The experiments described in Chapter 4 and in Appendix B used successive approximations to find the inertial amplitude at which participants crossed over between inertial and visual dominance (i.e., between having their perception of self-motion determined by inertial and visual cues). The inertial amplitude adjustments after each trial were made following the Parameter Estimation by Sequential Testing (PEST) procedure , which is a simple convergence algorithm developed for psychophysics experiments.
The PEST procedure obeys the following four rules:
The PEST procedure ends when the step size drops to a pre-determined amount. The estimate is the level called for by the last step.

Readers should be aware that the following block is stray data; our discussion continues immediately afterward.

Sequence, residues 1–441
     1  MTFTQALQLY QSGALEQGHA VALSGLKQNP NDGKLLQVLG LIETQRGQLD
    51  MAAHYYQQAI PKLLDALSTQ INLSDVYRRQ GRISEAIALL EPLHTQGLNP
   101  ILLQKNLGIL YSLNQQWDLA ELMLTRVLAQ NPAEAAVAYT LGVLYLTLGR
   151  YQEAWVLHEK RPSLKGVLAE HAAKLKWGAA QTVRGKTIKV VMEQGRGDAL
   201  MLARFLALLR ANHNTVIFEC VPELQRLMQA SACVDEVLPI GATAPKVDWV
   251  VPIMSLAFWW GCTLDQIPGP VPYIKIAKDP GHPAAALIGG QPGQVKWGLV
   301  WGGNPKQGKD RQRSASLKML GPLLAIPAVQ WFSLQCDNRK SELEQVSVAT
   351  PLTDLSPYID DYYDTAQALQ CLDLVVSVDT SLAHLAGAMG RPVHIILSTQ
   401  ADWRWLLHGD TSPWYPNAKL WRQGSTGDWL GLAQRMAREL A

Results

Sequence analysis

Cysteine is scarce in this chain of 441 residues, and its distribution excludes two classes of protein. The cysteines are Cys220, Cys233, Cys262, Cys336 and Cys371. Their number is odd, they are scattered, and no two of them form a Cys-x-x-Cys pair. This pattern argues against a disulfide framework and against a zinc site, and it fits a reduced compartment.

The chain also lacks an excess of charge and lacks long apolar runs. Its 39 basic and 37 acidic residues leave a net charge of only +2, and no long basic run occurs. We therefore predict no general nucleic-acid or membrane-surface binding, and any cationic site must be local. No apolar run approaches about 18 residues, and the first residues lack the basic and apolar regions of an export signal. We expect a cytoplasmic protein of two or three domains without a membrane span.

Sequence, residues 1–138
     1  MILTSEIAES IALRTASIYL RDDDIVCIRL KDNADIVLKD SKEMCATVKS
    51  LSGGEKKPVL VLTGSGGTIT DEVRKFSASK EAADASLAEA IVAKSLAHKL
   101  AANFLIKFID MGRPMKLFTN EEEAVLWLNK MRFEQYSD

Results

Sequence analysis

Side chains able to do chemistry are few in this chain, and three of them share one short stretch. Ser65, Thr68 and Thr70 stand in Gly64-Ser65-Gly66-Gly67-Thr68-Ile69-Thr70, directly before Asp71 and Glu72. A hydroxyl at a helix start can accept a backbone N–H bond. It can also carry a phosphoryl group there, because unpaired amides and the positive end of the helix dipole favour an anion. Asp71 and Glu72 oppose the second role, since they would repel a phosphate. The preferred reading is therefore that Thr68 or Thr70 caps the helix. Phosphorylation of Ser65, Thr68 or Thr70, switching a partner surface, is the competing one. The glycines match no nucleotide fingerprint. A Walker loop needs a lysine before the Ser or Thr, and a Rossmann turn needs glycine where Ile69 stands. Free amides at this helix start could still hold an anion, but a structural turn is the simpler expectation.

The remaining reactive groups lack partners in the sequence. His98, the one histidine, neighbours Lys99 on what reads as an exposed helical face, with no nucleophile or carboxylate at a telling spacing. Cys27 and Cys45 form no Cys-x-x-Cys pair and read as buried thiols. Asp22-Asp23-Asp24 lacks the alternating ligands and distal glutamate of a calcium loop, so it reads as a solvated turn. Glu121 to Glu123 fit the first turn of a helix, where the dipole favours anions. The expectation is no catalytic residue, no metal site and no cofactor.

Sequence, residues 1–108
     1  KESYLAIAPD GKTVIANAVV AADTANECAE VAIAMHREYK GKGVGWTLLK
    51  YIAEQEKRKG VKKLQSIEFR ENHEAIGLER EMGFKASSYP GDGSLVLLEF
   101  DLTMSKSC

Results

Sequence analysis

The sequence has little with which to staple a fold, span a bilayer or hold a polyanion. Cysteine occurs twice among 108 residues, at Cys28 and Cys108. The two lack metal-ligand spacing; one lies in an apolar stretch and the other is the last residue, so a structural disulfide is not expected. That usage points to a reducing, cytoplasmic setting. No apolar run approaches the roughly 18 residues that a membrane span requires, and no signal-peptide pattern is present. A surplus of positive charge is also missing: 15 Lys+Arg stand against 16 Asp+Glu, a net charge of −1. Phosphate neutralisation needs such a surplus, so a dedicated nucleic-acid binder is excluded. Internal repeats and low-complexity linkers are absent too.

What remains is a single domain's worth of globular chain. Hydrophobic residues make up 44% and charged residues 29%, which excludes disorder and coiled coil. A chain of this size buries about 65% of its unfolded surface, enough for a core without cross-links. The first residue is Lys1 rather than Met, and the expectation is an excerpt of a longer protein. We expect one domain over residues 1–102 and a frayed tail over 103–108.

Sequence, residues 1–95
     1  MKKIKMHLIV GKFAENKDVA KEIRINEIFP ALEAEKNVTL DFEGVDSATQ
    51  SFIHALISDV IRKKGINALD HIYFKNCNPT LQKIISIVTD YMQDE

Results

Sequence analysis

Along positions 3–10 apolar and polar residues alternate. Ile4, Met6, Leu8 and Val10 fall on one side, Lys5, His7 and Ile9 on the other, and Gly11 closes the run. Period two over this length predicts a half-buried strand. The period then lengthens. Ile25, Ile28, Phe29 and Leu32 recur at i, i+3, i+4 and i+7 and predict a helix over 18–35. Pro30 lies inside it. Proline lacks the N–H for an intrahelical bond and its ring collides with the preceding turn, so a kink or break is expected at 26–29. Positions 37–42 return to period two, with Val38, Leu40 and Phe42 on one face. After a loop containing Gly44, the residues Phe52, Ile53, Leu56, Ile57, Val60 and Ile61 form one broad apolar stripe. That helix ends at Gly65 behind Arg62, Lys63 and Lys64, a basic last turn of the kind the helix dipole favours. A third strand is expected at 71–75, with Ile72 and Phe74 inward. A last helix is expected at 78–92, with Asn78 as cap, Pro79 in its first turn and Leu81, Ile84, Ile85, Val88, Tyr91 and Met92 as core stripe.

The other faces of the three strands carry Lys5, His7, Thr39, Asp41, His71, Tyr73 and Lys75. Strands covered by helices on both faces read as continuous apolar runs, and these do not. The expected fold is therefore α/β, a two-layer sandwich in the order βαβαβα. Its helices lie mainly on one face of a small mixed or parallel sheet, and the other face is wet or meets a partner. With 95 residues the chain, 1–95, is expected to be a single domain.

In practice, the fact that each trial in the visual-inertial nulling experiments required a few minutes forced a fairly rapid convergence, which in turn required a final step size sufficient to allow for a rapid convergence (this was taken to be an amplitude of 5/sec in the experiment reported in Chapter 4, or 3/sec if the two conditions run in parallel would otherwise be tied). Hence, the subtleties of rules 3 and 4, above, rarely came into play.